There is also an online programme: Master of Molecular Science and Software Engineering, which is focused on teaching scientists to use computation and machine learning to solve real-world problems in the molecular sciences and beyond.  It’s taught fully online or partially online with two on-campus bootcamps. This lets students balance work and life commitments while getting a Berkeley-quality education from anywhere in the world.

ETH Zürich

chemistry degree

About 50% of all doctoral chemistry students in Switzerland are educated at ETH Zürich’s D-​CHAB. Source: ETH Zürich

ETH Zürich’s Department of Chemistry and Applied Biosciences (D-​CHAB) began as one of the original six “Abteilungen” at ETH’s inception in 1855. Now it boasts an international faculty of 50 professors training 1,800 students and postdoctoral fellows hailing from over 26 countries.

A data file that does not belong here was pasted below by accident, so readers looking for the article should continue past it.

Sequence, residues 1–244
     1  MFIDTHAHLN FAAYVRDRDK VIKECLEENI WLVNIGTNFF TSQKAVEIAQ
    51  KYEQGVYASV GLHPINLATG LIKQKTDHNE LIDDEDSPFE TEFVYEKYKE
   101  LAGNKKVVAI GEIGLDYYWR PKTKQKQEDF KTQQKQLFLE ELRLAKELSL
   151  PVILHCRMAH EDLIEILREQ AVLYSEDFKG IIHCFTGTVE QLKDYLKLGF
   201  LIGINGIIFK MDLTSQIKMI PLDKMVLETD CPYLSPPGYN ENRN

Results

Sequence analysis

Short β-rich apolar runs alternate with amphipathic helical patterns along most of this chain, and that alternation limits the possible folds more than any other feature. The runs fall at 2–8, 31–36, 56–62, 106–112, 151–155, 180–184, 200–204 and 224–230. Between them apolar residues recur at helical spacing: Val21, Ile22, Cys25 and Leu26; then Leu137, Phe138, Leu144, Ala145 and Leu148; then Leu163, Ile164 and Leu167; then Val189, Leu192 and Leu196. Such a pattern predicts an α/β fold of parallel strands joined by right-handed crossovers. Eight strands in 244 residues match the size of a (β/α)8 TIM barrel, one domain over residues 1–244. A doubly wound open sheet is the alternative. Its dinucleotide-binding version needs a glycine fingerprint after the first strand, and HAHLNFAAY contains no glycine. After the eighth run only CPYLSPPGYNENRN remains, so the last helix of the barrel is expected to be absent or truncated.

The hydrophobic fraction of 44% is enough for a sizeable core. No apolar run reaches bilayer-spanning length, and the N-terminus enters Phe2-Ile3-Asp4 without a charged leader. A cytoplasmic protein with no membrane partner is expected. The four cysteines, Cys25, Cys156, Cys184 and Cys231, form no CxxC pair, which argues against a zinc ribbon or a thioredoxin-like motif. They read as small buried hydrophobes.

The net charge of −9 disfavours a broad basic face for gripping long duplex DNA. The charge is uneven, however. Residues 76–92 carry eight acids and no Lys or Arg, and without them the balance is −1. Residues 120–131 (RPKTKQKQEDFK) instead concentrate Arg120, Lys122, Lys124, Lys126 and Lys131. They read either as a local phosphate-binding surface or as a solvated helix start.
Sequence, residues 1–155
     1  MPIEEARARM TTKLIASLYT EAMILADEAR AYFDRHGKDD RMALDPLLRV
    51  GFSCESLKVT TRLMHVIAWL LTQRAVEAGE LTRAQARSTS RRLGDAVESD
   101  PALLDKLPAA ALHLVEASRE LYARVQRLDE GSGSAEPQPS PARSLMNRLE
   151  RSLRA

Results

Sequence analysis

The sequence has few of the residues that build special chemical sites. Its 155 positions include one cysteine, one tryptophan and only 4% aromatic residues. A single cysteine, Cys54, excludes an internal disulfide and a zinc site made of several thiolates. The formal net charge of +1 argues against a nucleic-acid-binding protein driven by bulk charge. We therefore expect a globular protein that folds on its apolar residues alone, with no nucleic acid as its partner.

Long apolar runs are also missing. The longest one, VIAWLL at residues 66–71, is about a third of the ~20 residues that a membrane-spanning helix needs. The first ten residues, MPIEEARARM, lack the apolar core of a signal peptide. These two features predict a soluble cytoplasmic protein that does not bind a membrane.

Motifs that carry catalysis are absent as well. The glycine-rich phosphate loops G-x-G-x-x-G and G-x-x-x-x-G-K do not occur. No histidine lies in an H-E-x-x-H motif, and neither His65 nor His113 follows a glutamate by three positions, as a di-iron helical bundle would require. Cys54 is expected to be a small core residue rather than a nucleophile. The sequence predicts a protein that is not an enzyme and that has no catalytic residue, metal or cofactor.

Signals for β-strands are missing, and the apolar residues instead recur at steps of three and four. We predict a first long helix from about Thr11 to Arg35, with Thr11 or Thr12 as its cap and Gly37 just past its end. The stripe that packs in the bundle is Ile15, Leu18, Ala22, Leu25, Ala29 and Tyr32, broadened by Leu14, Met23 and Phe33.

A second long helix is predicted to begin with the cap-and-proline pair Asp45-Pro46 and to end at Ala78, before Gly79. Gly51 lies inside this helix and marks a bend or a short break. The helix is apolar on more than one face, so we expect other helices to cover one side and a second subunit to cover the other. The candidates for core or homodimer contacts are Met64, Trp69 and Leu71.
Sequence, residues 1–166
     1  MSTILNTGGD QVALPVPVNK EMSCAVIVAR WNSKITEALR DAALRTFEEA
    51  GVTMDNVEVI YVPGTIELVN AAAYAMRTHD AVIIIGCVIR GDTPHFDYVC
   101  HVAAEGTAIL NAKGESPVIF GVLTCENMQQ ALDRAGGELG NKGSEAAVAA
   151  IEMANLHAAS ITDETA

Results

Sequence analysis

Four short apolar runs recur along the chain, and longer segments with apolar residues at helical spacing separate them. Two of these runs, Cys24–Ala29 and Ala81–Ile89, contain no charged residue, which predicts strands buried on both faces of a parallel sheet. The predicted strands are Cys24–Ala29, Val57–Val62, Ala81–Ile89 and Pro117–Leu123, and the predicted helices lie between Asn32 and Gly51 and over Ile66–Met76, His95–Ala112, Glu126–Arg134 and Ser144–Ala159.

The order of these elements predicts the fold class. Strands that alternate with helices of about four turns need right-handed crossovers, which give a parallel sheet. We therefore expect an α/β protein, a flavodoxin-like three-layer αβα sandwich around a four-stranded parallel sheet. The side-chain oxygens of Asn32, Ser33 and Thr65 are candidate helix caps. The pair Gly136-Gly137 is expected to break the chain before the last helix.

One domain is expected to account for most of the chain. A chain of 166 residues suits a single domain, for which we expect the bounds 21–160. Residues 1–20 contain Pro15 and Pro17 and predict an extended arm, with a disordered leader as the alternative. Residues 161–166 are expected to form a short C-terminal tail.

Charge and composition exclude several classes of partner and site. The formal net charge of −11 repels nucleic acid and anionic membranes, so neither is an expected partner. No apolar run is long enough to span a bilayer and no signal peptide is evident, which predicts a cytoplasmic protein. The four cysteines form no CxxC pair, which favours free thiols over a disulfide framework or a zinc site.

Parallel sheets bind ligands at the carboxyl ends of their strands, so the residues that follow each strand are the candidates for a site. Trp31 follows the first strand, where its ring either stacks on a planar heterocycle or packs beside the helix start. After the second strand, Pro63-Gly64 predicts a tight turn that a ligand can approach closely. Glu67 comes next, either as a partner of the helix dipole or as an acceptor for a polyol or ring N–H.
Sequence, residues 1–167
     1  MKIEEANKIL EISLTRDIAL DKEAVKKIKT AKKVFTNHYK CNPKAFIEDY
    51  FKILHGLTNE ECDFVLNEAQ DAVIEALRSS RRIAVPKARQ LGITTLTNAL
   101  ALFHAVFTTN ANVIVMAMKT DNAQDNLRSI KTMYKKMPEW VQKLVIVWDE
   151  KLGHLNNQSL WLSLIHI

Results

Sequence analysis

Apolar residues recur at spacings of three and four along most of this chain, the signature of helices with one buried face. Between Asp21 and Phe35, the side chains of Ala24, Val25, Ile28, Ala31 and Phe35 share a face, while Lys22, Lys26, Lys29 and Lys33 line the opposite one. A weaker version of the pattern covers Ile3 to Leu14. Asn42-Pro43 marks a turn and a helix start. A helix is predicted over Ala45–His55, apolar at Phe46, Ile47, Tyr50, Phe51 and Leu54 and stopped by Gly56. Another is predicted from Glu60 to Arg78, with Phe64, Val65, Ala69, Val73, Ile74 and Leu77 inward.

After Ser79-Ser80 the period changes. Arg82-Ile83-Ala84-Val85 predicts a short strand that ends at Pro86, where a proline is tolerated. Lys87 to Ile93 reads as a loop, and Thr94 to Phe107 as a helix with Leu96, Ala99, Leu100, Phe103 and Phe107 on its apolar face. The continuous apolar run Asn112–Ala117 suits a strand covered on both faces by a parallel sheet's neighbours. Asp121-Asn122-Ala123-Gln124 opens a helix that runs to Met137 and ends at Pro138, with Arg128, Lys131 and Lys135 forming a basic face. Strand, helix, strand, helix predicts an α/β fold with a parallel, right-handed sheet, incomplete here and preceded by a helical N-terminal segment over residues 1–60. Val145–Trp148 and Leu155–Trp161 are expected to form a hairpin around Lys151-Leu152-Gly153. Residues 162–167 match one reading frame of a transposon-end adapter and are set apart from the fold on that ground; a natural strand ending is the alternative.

And it’s home to its fair share of Nobel Laureates too. Out of  a total of 21 awards to researchers who have or had a connection with ETH Zurich, 10 Nobel Prizes were awarded to the field of chemistry. Kurt Wüthrich was one of them. He won the coveted award in 2002 “for his development of nuclear magnetic resonance spectroscopy to determine the three-​dimensional structure of biological macromolecules in solution” (together with John B. Fenn, John B. Fenn, Virginia Commonwealth University, Richmond, USA, and Koichi Tanaka Shimadzu Corp., Kyoto, Japan).

As one of the university’s largest departments, D-​CHAB has five institutes and laboratories, which represent all areas of fundamental and applied research in chemistry and applied biosciences.